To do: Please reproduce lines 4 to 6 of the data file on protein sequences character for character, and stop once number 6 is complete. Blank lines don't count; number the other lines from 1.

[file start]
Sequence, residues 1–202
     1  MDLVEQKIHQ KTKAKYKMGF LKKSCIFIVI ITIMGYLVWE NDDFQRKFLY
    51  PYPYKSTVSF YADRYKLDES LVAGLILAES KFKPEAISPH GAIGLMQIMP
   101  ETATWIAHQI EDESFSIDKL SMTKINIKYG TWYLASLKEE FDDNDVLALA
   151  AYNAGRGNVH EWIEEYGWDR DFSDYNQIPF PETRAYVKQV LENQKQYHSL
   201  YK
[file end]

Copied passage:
   101  ETATWIAHQI EDESFSIDKL SMTKINIKYG TWYLASLKEE FDDNDVLALA
   151  AYNAGRGNVH EWIEEYGWDR DFSDYNQIPF PETRAYVKQV LENQKQYHSL
   201  YK